Under some circumstances a rapid onset of immunological protection is preferred, e.g. in an emergency situation or pandemic. Some of our studies have clearly indicated that certain treatments can result in the development of a protective immune response over a more rapid timeframe than is usually the case. In the example shown protective levels of haemagglutination inhibiting antibodies (>50) arose between 7 and 14 days post vaccination as opposed to the normal > 21days.


Accelerating the production of a protective immune response (from a single inoculation) could have dramatic implications in the curtailment of disease progression. There would be a lower likelihood of infection of a vaccinated individual during the period immediately after vaccination and this would limit the person to person spread.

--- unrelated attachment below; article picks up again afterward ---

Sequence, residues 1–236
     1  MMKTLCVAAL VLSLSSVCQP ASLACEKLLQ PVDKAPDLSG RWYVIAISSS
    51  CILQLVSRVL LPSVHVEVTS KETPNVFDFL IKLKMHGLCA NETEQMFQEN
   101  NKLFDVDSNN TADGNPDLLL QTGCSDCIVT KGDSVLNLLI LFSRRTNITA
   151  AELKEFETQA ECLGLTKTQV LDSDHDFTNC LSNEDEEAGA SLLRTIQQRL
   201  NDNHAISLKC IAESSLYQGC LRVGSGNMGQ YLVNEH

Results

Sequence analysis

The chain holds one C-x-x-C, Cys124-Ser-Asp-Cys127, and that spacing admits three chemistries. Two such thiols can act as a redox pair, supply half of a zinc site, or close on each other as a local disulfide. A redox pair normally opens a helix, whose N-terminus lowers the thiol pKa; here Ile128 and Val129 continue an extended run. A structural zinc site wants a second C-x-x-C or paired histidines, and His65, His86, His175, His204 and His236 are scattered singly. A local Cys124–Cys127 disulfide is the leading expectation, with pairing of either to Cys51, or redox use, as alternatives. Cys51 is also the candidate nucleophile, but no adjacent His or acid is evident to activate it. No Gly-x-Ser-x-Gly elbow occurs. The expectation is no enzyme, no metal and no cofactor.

In the example of influenza above, after vaccination there is a period of 3-4 weeks where the subject is able to become infected, as the immune reaction is still not robust enough (HAI >50). Several vaccination schedules require one or more booster doses of vaccine to generate an immune response high enough to protect against infection. If the booster is missed or ineffective, the subject would remain susceptible to infection.

Demonstration of rapid onset of immunity using Influenza vaccine.